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When most people hear about Bitcoin, whether for the first or the tenth time, they ask one simple question: “What is it?”

Like an automobile, Bitcoin is technically advanced, and it can appear complicated, depending on how much you want to know about it. But also like an automobile, it doesn’t require you to be a technical expert in order to use it—and for it to change the way you interact with the world.

Here’s what you need to know. Generally speaking, Bitcoin is two things:

1) A payment network (“Bitcoin”);

2) The currency unit used on that network (“bitcoins”).

Thus, as both a payment network and the specific currency used on that network, you use “Bitcoin” to receive and send “bitcoins” from and to other people.

To clarify, take a look at the relationship between PayPal and U.S. dollars. PayPal is a payment network, but not a currency. In contrast, the U.S. dollar is a currency, but not a payment network. You use the PayPal payment network to make transactions in U.S. dollar currency.

The PayPal payment network is operated and centrally controlled by one company (PayPal Inc.), and the U.S. dollar is created and centrally controlled by one organization (the U.S. federal government).

Here’s where things get important, revolutionary—and a little weird.

The Bitcoin payment network, unlike anything else before it, is decentralized. It is not controlled by any company or organization. That fact alone is its core “value-add.” Bitcoin's decentralization is why it's unique and revolutionary.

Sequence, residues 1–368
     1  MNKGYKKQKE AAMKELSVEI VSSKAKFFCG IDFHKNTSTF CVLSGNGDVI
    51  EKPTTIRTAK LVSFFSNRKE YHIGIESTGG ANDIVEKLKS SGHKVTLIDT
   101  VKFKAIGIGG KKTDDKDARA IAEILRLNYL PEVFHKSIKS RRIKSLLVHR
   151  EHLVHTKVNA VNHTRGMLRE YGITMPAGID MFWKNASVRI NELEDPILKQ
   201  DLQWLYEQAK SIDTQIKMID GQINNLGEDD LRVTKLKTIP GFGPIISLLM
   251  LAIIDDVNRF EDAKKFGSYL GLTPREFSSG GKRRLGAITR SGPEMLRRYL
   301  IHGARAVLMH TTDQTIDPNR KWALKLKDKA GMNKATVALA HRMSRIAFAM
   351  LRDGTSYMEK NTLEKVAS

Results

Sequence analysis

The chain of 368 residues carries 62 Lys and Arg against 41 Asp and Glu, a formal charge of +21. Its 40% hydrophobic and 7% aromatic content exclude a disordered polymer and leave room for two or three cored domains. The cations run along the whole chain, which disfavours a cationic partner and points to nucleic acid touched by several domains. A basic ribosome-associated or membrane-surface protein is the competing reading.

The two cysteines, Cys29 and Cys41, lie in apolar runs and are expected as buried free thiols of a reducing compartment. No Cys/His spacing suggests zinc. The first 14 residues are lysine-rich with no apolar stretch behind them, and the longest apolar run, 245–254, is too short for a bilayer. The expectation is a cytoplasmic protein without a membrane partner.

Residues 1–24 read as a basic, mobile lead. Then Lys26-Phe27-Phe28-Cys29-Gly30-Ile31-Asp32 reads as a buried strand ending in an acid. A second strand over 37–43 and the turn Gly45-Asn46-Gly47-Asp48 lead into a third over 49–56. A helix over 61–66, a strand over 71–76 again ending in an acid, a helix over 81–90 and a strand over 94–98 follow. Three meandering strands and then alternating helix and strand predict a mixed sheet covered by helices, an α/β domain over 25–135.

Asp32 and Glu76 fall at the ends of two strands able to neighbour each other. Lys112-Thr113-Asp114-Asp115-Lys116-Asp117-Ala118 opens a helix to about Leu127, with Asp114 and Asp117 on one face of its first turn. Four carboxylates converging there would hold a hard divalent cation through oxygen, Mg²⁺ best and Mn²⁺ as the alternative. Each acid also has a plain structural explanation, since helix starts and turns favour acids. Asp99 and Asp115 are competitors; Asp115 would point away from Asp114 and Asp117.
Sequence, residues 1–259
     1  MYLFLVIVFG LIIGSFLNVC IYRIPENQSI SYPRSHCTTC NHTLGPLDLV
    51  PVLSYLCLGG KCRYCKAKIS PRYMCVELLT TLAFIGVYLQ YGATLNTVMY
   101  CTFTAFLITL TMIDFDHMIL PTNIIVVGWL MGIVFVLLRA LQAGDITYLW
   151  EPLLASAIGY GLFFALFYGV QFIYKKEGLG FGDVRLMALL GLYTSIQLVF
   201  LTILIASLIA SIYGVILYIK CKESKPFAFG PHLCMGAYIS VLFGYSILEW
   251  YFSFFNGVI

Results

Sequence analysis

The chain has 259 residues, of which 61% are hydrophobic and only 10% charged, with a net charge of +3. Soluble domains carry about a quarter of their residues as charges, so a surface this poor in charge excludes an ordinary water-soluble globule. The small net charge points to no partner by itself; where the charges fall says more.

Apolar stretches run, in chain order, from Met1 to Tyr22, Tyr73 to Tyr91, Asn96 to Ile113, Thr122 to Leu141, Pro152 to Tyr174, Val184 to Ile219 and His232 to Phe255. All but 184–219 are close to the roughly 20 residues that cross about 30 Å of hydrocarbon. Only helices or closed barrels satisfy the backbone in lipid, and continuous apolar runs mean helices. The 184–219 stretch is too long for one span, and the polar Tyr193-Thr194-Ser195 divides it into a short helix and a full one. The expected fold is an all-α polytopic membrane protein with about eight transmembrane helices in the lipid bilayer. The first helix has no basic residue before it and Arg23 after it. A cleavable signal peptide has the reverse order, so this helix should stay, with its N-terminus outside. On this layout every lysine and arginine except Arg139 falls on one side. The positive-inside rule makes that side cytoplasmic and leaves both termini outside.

The Bitcoin network is like file-sharing: it’s a network of computers that talk to each other, but nobody controls the network itself (there is no central server).

The bitcoin currency unit itself is similarly not created or controlled by any central party. Bitcoins are created by the network itself over time, in a process that distributes the new coins to those computers that are supporting and operating the network. The number of coins created in this way is limited according to a clear mathematical schedule. As of this writing, there are 15.8 million bitcoins in existence, and this will continually increase over time to a maximum of 21 million bitcoins many years in the future.

Unless you care about how Bitcoin accomplishes this, the above is really all you need to answer the question, “What is Bitcoin?” It’s a payment network, and a currency used on that network, which are controlled by no central party. People control their own bitcoins. The number of bitcoins in existence is limited by the rules of the protocol.

Perhaps the more important question is, “Why should I c­are?”

While computer engineers and mathematicians might find Bitcoin’s technical details fascinating, most people don’t really have the time for those complexities—just as most people don’t spend time worrying about exactly how the internet works. We trust that it does, we enjoy its benefits, and we know enough about it to use it.